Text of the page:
Experience of Alternative Justice
For the past three years, I have headed the Center for Analysis and Resolution of Conflicts at the Pontifical Catholic University of Peru (PUCP). I am responsible for mediating conflicts between mining companies and farming communities.
The law must provide society with solutions to conflicts between its members. Civil jurisdiction usually belongs to the State. But today the Peruvian government fails to ensure that civil jurisdiction administers justice in a timely manner and at an affordable price. We frequently see that justice delayed is justice denied.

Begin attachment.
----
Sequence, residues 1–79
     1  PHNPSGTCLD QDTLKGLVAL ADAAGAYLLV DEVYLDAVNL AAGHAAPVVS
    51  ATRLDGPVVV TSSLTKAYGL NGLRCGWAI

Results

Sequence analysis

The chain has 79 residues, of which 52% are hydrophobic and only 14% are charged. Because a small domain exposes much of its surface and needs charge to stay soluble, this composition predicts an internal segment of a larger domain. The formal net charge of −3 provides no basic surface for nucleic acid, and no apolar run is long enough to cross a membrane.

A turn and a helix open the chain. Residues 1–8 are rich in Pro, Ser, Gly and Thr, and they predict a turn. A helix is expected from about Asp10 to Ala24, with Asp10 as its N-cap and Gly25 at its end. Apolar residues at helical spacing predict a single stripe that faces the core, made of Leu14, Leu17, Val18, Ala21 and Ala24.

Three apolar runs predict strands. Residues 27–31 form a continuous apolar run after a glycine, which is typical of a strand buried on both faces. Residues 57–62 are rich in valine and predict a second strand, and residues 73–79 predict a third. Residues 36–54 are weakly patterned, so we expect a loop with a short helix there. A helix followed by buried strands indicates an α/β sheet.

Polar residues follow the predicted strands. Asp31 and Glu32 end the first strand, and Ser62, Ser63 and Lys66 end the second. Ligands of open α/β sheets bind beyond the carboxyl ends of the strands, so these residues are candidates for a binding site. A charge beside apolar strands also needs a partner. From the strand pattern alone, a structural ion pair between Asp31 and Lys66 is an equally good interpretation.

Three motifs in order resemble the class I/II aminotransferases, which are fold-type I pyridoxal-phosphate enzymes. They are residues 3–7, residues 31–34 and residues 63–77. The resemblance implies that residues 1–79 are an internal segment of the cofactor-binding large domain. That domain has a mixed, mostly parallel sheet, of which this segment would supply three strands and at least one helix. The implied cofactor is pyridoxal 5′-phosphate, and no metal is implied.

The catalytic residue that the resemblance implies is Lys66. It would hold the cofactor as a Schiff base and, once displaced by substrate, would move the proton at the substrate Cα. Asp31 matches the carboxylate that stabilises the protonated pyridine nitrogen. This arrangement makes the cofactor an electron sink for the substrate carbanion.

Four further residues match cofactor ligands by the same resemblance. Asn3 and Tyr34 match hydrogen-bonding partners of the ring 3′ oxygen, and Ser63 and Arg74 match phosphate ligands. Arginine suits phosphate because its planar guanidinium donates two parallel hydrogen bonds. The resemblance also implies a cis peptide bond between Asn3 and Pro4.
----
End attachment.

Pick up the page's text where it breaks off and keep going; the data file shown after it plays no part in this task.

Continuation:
This has led many to see the need for a system of justice which goes beyond individual entitlement in order to appreciate interlocking needs and interests. Thus, an alternative system has been created which has enabled us to resolve conflicts quickly with positive results for everyone.
In Peru, mining is a main source of income. However, conflicts frequently arise when mining companies try to exploit lands where farmers have lived and worked for centuries. For the past three years, I have been working to resolve these types of conflicts.
At first, it was difficult to find solutions to these tensions. The farmers constantly threatened to block the streets or to occupy the mining lands. The mining companies did not take seriously the needs of the people. This led to violent reactions on both sides.
The main dilemma our Center faced was how to resolve these conflicts, and to find the best solution to the underlying problems. My task was to identify opportunities for mediation.